I need to search through a chunk of memory for a string of characters, but several of these strings have every character null separated, like this:
"I. .a.m. .a. .s.t.r.i.n.g"
with all of the '.'s being null characters. My problem comes from actually getting this into memory. I've tried several ways, for instance:

 char* str2; 
 str2 = (char*)malloc(sizeof(char)*40);   
 memcpy((void*)str2, "123\0567\09abc", 12);    

Will put the following into the memory that str2 points to: 123.7.9abc..
Something like
str2 = "123456789\0abcde\054321";
Will have str2 pointing to a block of memory that looks like 123456789.abcde,321 , wherein the '.' is a null character, and the ',' is an actual comma.

So clearly inserting null characters into cstrings doesn't work as easily as I thought it did, like inserting a newline character. I encountered similar difficulties trying this with the string library as well. I could do separate assignments, something like:

 char* str;    
 str = (char*)malloc(sizeof(char)*40);  
 strcpy(str, "123");  
 strcpy(str+4, "abc");  
 strcpy(str+8, "ABC");  

But that is certainly not preferable, and I believe the problem lies in my understanding of how c-style strings are stored in memory. Clearly "abc\0123" doesn't actually go into memory as 61 62 63 00 31 32 33 (in hex). How is it stored, and how can I store what I need to?

(I also apologize for not having set the code in blocks, this is my first time posting a question, and somehow "four spaced" is more difficult than I can handle apparently. Thank you, Luchian. I see more newlines were needed.)

  • Use the {} button above the edit window, or ctrl-K, to create code blocks.
    – Jim Balter
    Jun 13, 2012 at 22:08

4 Answers 4


If every other char contains a null, then almost certainly you actually have UTF-16 encoded strings. Process them accordingly and your problems will disappear.

Assuming you are on Windows, where UTF-16 is common, you would use wchar_t* rather than char* to hold such strings. And you would use wide char string processing functions to operate on such data. For example, use wcscpy rather than strcpy and so on.

  • This definitely solved my practical problem, and lets me implement the search easily. This is the first time I've programmed on windows, and I hadn't encountered wide characters before, so when looking at the binary dumps that never occurred to me. And I kept thinking how weird it was to null-terminate every character... =P Refp below also helped me figure out what was causing the problem I was having doing it the old way.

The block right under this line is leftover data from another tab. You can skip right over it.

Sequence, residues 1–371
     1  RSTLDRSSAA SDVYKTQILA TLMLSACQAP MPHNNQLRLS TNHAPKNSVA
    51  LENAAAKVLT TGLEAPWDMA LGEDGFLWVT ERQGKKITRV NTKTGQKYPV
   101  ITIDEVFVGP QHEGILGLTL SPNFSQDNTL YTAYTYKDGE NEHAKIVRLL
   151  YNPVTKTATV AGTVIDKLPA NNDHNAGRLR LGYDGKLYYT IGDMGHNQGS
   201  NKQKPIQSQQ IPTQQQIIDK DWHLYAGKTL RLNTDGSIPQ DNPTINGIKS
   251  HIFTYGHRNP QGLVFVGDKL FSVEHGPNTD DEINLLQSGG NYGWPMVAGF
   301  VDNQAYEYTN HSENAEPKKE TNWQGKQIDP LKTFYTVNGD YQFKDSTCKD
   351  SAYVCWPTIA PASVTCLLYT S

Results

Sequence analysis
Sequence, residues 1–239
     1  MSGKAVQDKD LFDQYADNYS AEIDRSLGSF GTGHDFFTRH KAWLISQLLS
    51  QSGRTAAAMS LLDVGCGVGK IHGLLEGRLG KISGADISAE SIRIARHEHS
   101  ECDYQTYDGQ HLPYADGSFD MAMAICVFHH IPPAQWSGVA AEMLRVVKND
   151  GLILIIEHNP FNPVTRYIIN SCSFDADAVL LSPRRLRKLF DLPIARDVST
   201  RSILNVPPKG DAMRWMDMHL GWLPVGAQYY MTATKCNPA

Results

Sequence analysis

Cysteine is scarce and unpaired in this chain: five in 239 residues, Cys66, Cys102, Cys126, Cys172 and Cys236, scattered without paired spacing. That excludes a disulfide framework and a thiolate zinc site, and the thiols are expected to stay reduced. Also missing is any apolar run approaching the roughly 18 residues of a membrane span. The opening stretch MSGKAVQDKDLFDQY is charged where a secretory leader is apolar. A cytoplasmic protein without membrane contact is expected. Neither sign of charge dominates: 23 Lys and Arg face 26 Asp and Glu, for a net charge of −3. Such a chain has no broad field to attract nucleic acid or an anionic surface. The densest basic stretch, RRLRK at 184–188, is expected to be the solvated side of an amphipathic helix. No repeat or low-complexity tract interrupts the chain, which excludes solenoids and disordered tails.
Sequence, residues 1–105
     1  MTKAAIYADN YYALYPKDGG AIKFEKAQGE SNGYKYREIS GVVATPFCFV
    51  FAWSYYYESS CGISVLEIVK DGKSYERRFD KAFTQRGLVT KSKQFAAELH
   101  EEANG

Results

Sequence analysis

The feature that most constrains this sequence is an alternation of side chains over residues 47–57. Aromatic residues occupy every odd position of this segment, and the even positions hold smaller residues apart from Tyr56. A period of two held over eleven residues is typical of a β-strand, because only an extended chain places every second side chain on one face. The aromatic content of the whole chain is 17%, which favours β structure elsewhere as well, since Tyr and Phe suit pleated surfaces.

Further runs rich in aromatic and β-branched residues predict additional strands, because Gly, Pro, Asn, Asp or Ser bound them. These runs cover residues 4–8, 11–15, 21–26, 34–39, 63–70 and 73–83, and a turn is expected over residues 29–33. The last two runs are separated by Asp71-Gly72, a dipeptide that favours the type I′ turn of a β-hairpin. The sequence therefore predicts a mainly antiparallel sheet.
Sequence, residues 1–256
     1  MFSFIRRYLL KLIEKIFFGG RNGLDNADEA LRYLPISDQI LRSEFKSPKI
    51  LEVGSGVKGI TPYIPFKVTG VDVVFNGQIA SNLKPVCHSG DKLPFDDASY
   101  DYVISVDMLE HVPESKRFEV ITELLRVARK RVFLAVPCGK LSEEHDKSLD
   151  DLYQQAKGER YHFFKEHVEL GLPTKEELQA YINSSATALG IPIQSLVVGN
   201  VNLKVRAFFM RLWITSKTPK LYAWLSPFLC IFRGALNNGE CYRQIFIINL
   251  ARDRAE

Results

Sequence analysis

– Fulluphigh
    Jun 13, 2012 at 20:34

\0 is the starting sequence of an escaped character in octets, it's not just a "null character" (even though the use of it's own will result in one).

The easiest way to define a string containing a null-character followed by something that could also be treated as a part of an escaped characer in octet (such as "\012"1) is to split it up using this below feature of C:

char const * p = "123456789" "\0" "abcde" "\0" "54321";

1. "\012" will result in the character with the equivalent hex value of 0x0A, not three characters; 0x00, '1' and '2'.

  • Excellent answer. David's answer above works perfectly for what I need to do, but I still didn't know what was causing this behavior. I was unaware of octets being something you could even escape in this manner. Thank you, excellent answer. I don't have enough rep to upvote, but yeah.
    – Fulluphigh
    Jun 13, 2012 at 20:31
  • @Joshua It's a good idea to familiarize yourself with the basic syntax of your programming language. Here's a useful reference for C: ieng9.ucsd.edu/~cs30x/Std.C/syntax.html
    – Jim Balter
    Jun 13, 2012 at 22:07

First off, every second character being a NULL is a clear hallmark of a widestring - a string that's composed of two-byte characters, really an array of unsigned shorts. Depending on your compiler and settings, you might be better off using datatype wchar_t instead of char and wcsxxx() family of functions instead of strxxx().

On Windows, 2-byte widestrings (UTF-16, technically) is the native string format of the OS, so they're all around the place.

That said, strxxx() functions all assume that the string is null-terminated. So plan accordingly. Sometimes memxxx() will come to the rescue.

"abc\0123" does not go into memory the way you expect because \012 is being interpreted by the compiler as a single octal escape sequence - the character with octal code 12 (that's 0a hex). To avoid, use one of the following literals:


The snippet where you generate a string from chunks is mostly correct. It's just that I'd rather use

strcpy(str+strlen(str)+1, "123");

that guarantees that the next chunk will be written past the null character of the previous chunk.

  • 2
    \054 is being interpreted by the compiler as a single octal escape sequence. Octal 54 is hex 2c. To make a true string with an embedded null, use the following literal: "abcde\00054321" or "abcde\0""54321", or "abcde\x0054321". The escape sequence parser is matching greedily, obviously. Stick to string literals that don't allow for ambiguous interpretation. Jun 13, 2012 at 20:29

I am a bit confused by your question. But let me guess what is going on. You are looking at 16 bit wchat_t string and not a normal c string. wchar getting ascii characters may look like null separated between letters but actually this is normal.

simply (wchar_t *)XXX where XXX is a pointer to that region of memory and lookup wchar_t operations like wcscpy etc... as for the nulls between strings, this may actually be a known method to pass multiple string construct. You can simply iterate after your read each string until normally you encounter 2 consecutive nulls.

Hope I have answered your question. Good luck!

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